Monday morning I dashed into my favorite local coffee shop on my way to school, expecting to grab my coffee and maybe read for a few minutes before I went in to work on our research project. But when I opened the door I was greeted by an old mentor of mine, with her new, sweet baby girl. Such a surprise, and it caught me totally off guard. So, instead of reading, I got to hear about her growing family, the ebb and flow of the campus ministry she works with, and recall a few fond memories of when I was an undergrad student.
It's hard to explain, but after we talked I sat down with my coffee and realized, very intensely, just how different I am now than I was when she and I used to spend a lot of time together. Five years ago, she knew a girl trying to navigate her way through school, and wasn't doing a very good job of it. I'm sure just like many of you guys, I was totally unsure of the direction I wanted to go in. It was so hard for me to make some of my decisions that I began shutting down. Sophomore year was one of the hardest, darkest times of my life, simply because I didn't know how to ask for help, but I also didn't know what I needed. I just kept doing and functioning, but couldn't feel settled. I kept it inside. I sat alone trying to work things out in my brain for hours on end until even less made sense than when I had started. I struggled with big-picture ideas like justice, faith, kindness, hope and friendship. I didn't feel like I even knew how to be "me" anymore.
So, I left school for awhile. I took risks. I asked questions. I came back to school. I took some more risks. I went to counseling. I did things I had been too afraid to do for years (i.e. date a boy). I met people. I learned (again) that we're all more similar than we may ever know. And I remembered what it felt like to be alive - to be me.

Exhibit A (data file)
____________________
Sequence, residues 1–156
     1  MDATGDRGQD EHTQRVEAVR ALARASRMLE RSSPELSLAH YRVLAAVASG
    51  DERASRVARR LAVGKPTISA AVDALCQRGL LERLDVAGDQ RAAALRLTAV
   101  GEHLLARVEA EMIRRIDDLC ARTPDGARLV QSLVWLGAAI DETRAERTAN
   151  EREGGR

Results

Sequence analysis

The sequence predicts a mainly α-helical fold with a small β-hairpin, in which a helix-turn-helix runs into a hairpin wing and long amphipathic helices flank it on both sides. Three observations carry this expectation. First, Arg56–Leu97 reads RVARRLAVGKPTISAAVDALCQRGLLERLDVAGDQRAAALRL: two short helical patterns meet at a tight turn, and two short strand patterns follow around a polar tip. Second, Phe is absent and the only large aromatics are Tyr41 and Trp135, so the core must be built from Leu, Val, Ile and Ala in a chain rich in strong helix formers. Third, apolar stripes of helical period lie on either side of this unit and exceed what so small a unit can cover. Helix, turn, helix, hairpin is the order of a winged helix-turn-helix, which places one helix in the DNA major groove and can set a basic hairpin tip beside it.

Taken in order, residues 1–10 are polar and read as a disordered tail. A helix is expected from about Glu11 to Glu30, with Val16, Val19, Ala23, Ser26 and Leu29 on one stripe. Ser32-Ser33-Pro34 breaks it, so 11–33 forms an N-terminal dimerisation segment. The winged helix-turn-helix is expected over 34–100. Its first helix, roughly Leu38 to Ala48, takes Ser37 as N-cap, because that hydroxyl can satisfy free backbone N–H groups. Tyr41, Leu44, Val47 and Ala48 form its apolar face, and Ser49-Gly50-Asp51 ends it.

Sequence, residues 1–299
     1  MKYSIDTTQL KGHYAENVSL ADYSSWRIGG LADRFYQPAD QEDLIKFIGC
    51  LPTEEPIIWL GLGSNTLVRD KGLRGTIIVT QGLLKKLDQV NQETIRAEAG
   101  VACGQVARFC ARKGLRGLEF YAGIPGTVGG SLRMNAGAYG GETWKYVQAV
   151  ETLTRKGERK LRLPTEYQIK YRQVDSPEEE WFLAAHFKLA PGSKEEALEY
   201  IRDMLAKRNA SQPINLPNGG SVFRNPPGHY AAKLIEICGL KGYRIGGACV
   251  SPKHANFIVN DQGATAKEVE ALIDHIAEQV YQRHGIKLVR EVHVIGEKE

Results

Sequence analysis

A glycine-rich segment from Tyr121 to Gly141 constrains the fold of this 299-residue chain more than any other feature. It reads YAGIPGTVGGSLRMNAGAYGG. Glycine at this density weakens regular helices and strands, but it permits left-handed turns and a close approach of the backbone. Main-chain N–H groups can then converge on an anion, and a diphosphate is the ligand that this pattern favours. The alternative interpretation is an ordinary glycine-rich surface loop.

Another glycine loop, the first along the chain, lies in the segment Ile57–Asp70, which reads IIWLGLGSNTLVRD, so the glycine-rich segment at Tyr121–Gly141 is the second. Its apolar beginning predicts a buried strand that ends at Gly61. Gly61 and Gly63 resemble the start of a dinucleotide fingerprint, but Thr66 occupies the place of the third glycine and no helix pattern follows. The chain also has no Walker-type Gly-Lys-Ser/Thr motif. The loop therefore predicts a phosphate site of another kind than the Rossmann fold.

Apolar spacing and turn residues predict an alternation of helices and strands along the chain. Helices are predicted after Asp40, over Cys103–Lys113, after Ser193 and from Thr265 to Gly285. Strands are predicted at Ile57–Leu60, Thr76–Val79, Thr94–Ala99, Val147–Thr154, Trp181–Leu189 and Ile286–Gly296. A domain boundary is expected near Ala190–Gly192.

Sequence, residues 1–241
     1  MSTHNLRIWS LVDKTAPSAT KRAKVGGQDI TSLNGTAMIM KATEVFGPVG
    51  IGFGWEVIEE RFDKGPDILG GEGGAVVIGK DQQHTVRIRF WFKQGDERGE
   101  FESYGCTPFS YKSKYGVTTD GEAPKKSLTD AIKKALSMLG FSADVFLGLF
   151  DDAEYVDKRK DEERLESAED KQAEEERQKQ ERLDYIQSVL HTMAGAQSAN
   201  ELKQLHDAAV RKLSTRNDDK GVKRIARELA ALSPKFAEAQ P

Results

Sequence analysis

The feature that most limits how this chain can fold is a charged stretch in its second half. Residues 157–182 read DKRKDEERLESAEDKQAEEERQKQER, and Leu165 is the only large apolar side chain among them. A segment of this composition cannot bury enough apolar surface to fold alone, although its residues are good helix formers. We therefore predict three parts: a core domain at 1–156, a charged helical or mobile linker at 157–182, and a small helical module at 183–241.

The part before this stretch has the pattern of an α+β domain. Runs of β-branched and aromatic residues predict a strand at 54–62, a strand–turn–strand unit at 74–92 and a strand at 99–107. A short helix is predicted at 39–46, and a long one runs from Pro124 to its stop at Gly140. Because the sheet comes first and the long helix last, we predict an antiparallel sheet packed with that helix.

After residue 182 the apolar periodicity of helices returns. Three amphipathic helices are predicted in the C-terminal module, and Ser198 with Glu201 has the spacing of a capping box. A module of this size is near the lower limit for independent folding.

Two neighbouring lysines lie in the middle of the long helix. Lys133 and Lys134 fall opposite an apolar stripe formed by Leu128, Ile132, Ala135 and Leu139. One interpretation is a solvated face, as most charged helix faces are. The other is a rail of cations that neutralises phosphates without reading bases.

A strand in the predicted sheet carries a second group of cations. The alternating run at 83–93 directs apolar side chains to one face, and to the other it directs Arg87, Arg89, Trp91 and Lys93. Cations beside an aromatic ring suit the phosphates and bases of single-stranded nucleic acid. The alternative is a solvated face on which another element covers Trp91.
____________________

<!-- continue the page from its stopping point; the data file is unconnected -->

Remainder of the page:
Now that I'm older, taken so many risks, and learned the value of asking for help when I need it and involved others in my decisions and dreams and hopes, it seemed sort of odd to see my old mentor again. I wonder what it was like for her to see me now, starting grad school, able to speak with excitement and passion about my studies and what I've been up to the last couple years. And, on my end, this entire moving experience has really just been sort of surreal. It's like I'm able to navigate my way through old familiar streets, and eat foods I haven't eaten in years, and see friendly faces from years ago, but, I'm so different. It's almost like reliving a season all over again.
I dont know why I wrote this. I just sat down and it came out, so I hope it's helpful for you, or I hope, if nothing more, that you're reminded of the opportunity you have to grow in the deepest areas that you feel stuck or immobilized. (Maybe it's being in the social work classroom again, but I'm feeling all empowered or something.) haha
Have you ever revisited an old location and felt strangely older and wiser?